Adidas has taken the wraps of its latest technological running innovation, the Adidas Ultra Boost.

Claimed to offer more bounce than the first generation of Boost, more flexibility and overall to be the best runner yet, Adidas has a lot to live up to.

We took them out for a good few miles, after walking in them for a day, to see how they hold up.

Unlike most running shoes, which use EVA in soles, Adidas uses thermoplastic polyurethane (TPU) in its Ultra Boost. These rice-like pieces are crammed together to create a sole that offers energy return from the impact of running, effectively pushing you forward. There's no denying they feel like walking on clouds when you first put them on.

We were worried the bounce would just push back up and start hurting our knees, but this was not the case. In fact nothing hurt at all for the entire run. Despite the bounce we still felt balanced and controlled throughout. And in spite of the biting cold they remained pliable and flexible through the run. We've noticed EVA soles going hard in the past so this was refreshing to experience.

Adidas removed the EVA edge from the first Boost generation to offer 20 per cent more energy return. While you can feel the difference it also feels like you have more flexibility, which initially can seem like less support. But we had an ankle issue and despite worries it might not offer enough support it wasn't long before we had total trust that the shoe would do what we wanted as we ran.

The upper weave on the Ultra Boost feels like soft knit material to the touch and flexes when you slide your feet in. At the widest point of the foot it feels like there is enough expansion to let your feet spread and do their balancing work. But in the sides where you want support they remain tight.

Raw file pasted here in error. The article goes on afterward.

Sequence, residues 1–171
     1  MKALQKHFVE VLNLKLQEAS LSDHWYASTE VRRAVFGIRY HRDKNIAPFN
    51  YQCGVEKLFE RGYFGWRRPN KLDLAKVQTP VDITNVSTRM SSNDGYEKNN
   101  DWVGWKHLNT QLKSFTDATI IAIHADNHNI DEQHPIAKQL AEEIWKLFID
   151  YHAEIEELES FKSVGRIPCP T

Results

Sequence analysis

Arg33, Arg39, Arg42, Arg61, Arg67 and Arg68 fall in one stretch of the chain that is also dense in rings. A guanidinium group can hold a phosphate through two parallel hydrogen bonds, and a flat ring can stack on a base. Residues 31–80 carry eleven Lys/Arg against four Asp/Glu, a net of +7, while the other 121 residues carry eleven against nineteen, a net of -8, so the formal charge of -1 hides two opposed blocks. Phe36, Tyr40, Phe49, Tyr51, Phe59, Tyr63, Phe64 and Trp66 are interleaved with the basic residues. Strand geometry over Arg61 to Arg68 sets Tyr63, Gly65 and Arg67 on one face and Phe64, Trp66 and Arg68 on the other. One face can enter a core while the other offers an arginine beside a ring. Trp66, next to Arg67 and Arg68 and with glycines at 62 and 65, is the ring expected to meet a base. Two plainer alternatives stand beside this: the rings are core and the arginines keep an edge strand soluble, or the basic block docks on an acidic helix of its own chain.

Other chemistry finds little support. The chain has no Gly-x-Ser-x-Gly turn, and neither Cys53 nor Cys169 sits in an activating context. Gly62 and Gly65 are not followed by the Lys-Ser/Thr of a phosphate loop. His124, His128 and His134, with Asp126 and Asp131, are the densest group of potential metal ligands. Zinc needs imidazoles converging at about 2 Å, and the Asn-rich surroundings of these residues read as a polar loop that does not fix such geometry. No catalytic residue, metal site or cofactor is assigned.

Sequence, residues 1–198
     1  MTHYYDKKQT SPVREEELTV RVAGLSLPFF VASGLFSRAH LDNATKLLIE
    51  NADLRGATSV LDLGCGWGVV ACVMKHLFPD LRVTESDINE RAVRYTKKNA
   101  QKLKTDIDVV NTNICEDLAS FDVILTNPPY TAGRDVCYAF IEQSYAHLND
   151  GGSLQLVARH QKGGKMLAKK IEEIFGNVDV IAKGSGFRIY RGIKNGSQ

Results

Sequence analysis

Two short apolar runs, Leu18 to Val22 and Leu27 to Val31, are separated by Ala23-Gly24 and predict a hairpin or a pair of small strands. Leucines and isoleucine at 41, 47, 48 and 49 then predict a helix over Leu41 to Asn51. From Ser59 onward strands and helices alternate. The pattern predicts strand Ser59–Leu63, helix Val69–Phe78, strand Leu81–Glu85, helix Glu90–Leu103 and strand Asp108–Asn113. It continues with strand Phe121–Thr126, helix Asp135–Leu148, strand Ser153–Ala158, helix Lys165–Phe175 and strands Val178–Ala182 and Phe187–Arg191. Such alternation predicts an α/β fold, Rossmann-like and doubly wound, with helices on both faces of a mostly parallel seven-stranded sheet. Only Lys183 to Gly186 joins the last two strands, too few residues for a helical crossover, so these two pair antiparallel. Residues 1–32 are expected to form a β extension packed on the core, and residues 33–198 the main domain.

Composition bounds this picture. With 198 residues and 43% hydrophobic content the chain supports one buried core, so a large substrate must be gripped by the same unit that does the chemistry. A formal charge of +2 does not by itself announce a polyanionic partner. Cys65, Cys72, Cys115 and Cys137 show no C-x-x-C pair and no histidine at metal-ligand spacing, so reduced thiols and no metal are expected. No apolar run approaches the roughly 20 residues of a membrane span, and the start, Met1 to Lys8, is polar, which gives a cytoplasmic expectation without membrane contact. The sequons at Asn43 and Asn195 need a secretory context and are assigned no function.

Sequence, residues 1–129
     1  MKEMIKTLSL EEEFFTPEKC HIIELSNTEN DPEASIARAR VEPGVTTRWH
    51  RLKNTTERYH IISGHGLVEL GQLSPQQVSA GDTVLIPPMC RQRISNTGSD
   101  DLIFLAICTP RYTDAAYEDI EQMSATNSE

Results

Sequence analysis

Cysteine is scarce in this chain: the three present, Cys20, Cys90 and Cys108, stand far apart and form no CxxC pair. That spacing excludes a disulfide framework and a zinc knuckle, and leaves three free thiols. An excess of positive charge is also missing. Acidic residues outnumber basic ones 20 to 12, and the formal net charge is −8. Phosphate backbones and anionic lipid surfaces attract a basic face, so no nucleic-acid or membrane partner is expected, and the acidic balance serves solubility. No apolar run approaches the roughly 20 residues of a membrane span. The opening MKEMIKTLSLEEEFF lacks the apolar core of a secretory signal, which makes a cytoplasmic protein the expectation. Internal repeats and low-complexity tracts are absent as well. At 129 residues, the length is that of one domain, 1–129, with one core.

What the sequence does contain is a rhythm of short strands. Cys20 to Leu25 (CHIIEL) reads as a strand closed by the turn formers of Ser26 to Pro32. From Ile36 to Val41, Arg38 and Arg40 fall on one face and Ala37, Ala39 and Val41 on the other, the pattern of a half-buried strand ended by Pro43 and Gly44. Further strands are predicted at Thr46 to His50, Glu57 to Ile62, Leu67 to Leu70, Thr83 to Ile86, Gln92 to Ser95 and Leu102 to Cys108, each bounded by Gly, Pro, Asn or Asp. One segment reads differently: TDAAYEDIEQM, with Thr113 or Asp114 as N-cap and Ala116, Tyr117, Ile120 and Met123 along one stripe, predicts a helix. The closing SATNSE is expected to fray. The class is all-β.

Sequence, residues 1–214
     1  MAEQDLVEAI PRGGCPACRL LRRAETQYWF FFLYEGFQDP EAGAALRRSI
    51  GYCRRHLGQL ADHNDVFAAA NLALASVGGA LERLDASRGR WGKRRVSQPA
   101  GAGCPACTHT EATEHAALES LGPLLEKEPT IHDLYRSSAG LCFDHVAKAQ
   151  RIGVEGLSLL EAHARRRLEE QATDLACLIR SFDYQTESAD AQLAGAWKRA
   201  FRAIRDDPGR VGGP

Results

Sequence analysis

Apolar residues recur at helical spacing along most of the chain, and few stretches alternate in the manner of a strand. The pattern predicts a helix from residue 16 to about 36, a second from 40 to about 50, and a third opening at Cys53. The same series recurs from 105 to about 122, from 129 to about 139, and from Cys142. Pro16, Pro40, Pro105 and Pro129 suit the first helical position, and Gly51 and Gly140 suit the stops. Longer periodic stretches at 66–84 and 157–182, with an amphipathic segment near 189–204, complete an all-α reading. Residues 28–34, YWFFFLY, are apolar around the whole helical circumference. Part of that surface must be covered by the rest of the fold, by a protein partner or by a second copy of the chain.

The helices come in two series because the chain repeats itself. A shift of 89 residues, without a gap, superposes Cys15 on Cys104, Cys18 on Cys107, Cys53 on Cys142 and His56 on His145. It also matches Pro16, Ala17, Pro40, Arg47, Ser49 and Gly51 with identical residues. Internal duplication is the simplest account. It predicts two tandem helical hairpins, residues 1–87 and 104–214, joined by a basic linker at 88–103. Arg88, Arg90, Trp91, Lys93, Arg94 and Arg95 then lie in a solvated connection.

The upper offers 4-way flexibility thanks to the way it was constructed. You can feel this as you turn and the shoe goes with you. Or more aptly you can't feel it, the Ultra Boost are so well matched to your feet you forget you're wearing them. And isn't this what running shoes should be all about? No blisters or even niggles were found despite doing a good few miles on a first run.

The ankle injury we mentioned previously resulted in a sore Achilles while running lately. Whether it's the shoe or the cold or something else isn't clear but we definitely noticed there was no pain while running in these. Adidas says it redesigned the heel to offer better Achilles support, cupping the foot all the way through the running movement.

The soft cushioning sole may have helped reduce impact that led to this comfortable, pain-free run, rather than just the heel alone. There is also a "dual-density Torsion System" that allows the heel to remain supported while the forefoot moves independently. Whatever it was, we were impressed as it worked.

We ran in the first Adidas Boost trainers and enjoyed them for the spring they added to our step, but they did sometimes feel a little tight in places. The Ultra Boost offer even more energy return while remaining invisible-comfortable and supportive. We've not done more than a half-marathon distance yet but Adidas claims the shoe will remain the same for hundreds of kilometres so we'd expect these to be a very wise investment for both short and long distance runners.

READ: Adidas Ultra Boost claimed to be best running shoe ever: Here's why